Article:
My doctor used to have pictures of his kids on his surgery wall and it occurred to me, during a consultation, that they must be very healthy. Well that is what you would expect I think? One would expect them to have a healthy lifestyle and generally not to go short on medical care. It then occurred to me that, by a similar logic, one might expect the children of educators to do well at school. There might be a genetic link, of course. Educator-parents could offer practical help with tuition or perhaps just help imbue an appreciation of education. And in a world where information on school quality is very limited (Ireland being a particularly good example, alas) one would expect teachers to make better decisions about the choice of schools for their own kids: when you are in the business you know what’s what.
So I decided to investigate using PISA data which has detailed data on parents occupation and other relevant data. The resulting paper has just been published in Regional and Sectoral Economic Studies.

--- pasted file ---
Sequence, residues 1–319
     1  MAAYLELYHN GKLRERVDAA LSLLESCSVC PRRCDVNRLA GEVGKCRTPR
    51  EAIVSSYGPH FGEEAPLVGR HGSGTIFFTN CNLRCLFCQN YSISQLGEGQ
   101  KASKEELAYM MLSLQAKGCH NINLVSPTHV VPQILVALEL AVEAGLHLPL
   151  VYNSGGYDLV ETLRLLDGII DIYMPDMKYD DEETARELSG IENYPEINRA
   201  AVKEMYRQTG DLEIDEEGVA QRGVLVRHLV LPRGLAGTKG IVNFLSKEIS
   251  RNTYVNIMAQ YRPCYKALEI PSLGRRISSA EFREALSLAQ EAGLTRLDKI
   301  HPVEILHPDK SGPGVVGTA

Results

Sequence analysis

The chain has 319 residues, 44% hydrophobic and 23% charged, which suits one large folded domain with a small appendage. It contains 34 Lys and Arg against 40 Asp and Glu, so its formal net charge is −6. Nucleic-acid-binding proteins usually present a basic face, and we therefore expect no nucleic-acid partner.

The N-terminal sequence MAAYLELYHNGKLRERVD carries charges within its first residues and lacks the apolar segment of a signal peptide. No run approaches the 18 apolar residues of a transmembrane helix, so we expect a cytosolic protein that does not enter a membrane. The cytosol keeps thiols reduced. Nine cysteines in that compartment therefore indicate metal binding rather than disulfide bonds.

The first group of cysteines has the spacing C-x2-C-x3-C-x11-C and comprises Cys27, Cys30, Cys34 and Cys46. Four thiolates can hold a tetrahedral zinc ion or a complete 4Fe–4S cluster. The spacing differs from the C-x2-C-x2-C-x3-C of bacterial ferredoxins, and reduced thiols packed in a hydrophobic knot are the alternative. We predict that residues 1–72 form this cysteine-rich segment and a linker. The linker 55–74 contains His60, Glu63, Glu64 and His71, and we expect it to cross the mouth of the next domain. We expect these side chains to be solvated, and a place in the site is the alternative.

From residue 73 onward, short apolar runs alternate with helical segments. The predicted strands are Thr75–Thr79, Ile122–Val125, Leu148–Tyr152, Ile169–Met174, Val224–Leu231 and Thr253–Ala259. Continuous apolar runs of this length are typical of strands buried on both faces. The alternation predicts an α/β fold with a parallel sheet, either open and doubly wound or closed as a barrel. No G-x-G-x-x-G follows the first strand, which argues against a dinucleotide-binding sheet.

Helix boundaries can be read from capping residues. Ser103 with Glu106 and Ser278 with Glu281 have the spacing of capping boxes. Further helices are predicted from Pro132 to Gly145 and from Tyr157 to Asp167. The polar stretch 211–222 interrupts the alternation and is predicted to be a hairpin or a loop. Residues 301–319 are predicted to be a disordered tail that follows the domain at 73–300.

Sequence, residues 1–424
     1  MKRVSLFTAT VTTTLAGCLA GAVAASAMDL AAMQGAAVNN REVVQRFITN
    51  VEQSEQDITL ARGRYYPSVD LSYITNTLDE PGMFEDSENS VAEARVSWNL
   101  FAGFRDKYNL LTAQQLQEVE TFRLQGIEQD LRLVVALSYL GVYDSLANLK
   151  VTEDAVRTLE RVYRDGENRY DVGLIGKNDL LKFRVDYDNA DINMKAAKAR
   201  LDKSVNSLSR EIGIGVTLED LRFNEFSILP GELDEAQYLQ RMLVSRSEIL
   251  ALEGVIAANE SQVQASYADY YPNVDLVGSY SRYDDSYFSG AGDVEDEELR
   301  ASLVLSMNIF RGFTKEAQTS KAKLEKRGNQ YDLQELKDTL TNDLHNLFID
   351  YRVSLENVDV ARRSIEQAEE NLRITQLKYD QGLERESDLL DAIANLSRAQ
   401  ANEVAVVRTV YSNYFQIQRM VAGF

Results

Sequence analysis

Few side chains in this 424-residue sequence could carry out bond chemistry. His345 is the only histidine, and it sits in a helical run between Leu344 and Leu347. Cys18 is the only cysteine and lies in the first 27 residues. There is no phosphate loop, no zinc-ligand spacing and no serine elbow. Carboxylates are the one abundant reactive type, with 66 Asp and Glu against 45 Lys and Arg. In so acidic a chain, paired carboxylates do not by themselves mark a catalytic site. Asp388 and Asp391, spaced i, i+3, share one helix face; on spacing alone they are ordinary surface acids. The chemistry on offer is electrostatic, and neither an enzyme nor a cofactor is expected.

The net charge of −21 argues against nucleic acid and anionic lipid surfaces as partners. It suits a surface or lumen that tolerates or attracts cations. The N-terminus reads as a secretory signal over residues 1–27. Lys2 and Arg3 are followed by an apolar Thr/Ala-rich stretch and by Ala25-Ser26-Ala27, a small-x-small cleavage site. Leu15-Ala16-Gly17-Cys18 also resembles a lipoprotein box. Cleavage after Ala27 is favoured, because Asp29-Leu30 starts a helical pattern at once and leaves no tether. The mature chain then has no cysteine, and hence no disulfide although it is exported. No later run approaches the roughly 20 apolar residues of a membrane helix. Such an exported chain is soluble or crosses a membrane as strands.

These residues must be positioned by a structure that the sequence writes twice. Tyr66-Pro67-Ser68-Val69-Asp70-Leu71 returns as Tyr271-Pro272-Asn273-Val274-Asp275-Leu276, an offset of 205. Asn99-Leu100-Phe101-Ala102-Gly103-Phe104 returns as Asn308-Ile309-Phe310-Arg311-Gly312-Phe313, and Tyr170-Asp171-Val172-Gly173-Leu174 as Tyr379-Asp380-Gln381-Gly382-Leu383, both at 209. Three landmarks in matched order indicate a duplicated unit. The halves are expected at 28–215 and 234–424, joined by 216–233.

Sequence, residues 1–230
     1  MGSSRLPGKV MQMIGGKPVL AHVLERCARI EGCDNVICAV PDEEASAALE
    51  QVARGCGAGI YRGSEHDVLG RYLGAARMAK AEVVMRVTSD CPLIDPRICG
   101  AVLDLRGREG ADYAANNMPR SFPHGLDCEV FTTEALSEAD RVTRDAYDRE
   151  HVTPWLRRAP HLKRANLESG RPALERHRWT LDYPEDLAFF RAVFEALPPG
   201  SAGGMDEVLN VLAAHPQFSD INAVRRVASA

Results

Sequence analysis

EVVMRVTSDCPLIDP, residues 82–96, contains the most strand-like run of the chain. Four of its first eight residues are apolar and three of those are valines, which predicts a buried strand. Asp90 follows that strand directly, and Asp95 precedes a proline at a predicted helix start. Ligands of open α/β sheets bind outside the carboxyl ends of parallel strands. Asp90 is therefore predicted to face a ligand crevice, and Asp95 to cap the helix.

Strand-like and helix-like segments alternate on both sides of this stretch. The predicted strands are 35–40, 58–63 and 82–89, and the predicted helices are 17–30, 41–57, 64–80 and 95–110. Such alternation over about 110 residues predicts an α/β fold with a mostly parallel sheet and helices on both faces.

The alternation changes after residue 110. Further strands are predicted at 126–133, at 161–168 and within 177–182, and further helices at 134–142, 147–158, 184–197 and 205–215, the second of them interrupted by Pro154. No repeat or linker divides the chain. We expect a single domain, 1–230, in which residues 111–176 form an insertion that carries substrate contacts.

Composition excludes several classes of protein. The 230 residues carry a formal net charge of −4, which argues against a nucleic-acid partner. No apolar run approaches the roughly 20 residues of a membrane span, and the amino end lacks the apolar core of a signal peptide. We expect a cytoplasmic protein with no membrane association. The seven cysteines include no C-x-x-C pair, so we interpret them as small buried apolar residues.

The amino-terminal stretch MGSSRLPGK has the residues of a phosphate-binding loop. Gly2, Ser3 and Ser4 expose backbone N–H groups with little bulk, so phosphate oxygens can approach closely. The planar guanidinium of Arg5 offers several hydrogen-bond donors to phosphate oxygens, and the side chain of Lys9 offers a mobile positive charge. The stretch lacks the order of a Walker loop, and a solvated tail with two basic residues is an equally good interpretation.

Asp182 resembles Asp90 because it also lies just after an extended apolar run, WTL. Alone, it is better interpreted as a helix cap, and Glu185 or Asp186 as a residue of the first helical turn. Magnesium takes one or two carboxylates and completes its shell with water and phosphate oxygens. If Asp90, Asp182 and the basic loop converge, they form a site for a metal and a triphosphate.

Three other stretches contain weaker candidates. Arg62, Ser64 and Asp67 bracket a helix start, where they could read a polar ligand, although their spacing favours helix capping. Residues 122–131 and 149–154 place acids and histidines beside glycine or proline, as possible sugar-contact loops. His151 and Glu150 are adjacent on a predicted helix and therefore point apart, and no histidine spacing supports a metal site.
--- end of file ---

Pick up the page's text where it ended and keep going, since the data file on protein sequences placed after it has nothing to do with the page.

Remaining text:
This paper investigates whether teenagers are educationally advantaged if their parents are educators, using data from the Program for International Student Assessment (PISA) for Great Britain and Ireland from 2000. Examining whether teachers’ children do better at tests of reading ability, the results show that children whose fathers teach at third level or whose mothers teach at second level do better. The paper also shows that teenagers are more likely to be helped with their schoolwork if their mothers are educators. The evidence tends to suggest that where teenagers benefit from a parent as a teacher it is through specific assistance from the mother and a more general effect from the father.